Proposal shifts costs to cash-strapped NV state gov’t, forcing tax increase or health care benefit cuts for 100,000+ Nevadans
April 7, 2011
Washington, D.C. – Nevada Senator Harry Reid today discussed a new report showing that on top of ending Medicare, the budget released this week by House Budget Committee Chairman Paul Ryan (R-WI) would cut $6.9 billion in federal Medicaid funding for Nevada. By shifting this enormous financial burden to the state, Carson City would either have to raise taxes to make up for the shortfall or dramatically slash health care benefits for at least 136,000 Nevadans, including seniors, families and nursing home residents. This radical proposal comes as the number of seniors in Nevada is expected to skyrocket from 12.3 percent to 18.6 percent over the next two decades.
“This extreme Republican budget proposal has its priorities upside down -- protecting tax breaks for billionaires and government giveaways for oil companies at the expense of middle-class Nevadans struggling to pay the bills and put food on the table,” said Reid. “Not only does this reckless proposal dismantle Medicare, but it slashes health care for more than 130,000 Nevadans. We need to cut wasteful spending and excess such as taxpayer subsidies for corporations that ship American jobs overseas, not the benefits that Nevada’s seniors, families and nursing home residents rely on.”
Specifically, the extreme GOP budget plan would:
A recent article illustrates the consequences of Medicaid funding reductions: 3/23/11: Las Vegas Review-Journal: Proposed aid cuts could shutter five nursing homes Below is the full report on how the extreme GOP budget plan would cut benefits for Nevada.
The Republican budget ends Medicare as we know it - and their plan to cut $1.4 trillion in health care services through Medicaid would put an end to vital services that seniors depend on like nursing home care and home health aides. If Republicans get their way, Nevada residents would lose $6.9 billion in health benefits, and 136,563 could see their coverage cut entirely.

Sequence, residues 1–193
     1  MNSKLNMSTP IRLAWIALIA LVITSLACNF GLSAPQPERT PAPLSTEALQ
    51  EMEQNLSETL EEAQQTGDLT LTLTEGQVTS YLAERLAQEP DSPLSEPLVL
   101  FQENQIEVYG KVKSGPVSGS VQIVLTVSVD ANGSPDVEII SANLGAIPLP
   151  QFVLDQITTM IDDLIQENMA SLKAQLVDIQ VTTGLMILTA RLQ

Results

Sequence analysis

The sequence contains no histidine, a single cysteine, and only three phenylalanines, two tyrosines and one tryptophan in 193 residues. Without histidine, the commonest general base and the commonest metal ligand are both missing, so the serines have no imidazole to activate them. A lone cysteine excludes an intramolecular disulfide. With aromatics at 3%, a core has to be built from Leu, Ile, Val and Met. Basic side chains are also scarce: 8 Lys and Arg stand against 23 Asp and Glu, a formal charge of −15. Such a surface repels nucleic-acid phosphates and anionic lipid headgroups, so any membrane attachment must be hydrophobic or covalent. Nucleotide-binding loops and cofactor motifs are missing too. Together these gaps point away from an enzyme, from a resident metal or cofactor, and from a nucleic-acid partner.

GOP Plan Could Force At Least 136,563 Nevada Residents Off Medicaid. Medicaid currently provides health coverage to roughly 263,600 Nevada residents, with the federal government picking up 50.2% of Nevada’s Medicaid costs. At a minimum, the Ryan Plan could remove at least 136,563 Nevada residents from the program. [Kaiser Commission on Medicaid, 2/2011; Kaiser Commission on Medicaid, 5/2010; Kaiser State Health Facts, accessed on 4/1/2011]
Block Grant System Could Shift Cost to State Government, Slashing Health Benefits in Nevada By Up to $6.9 Billion When the State Already Faces a Budget Crisis. House Budget Chairman Paul Ryan’s proposal could slash $6.9 billion in health benefits from Nevada over the next ten years, including $2.9 billion in federal investments and $4 billion to expand eligibility in the state. Nevada is already facing a $1.5 billion budget shortfall in Fiscal Year 2012, and a block grant system would force the state and local governments to either slash benefits or raise taxes to cover the shortfall. [Congressional Budget Office, 11/17/10; Center on Budget and Policy Priorities, 3/9/11; Kaiser State Health Facts, accessed 4/5/11]
Nevada Would Receive Far Less Federal Investment Than Other States Under Republican Block Grant Plan. Nevada Medicaid expenditure levels are relatively low ($4,586 per enrollee) compared to the US average ($5,153 per enrollee). Because the block grant funding levels are based on current state Medicaid spending, Nevada would receive less block grant funding than other states. Under the Republican block grant proposal, Nevada would likely have to cover unanticipated cost increases resulting from increases in enrollment or health care costs. [Kaiser State Health Facts, accessed on 3/29/2011]
Elderly Population in Nevada is Expected to Skyrocket from 12.3% to 18.6% by 2030. In Nevada, 61,900 seniors and people with disabilities rely on Medicaid to get the health care services they need. In 2030, 18.6% of the total population of Nevada is expected to be 65 years old or older, up from 12.3% in 2010. For aging and elderly populations, Medicaid covers services that other programs, including Medicare, do not cover, like nursing home care. The Ryan plan would require larger and larger Medicaid cuts over time, just as more seniors require Medicaid and health care costs continue to rise. [U.S. Census Bureau, State Interim Population Projections by Age and Sex: 2004 – 2030; Kaiser Commission on Medicaid, 2/2011]
FLASHBACK: Under ’95 Block Grant Plan, Nevada Would Have Faced $68 Million Cut to Health Benefits in the First Year Alone. In 1995, House Republicans proposed a Medicaid block grant plan similar to the plans offered today. If the 1995 block grant plan had become law, Nevada would have received $68 million less in federal health benefits – a 15% cut – in just the first year of the new system. [Lambrew, 1/26/05]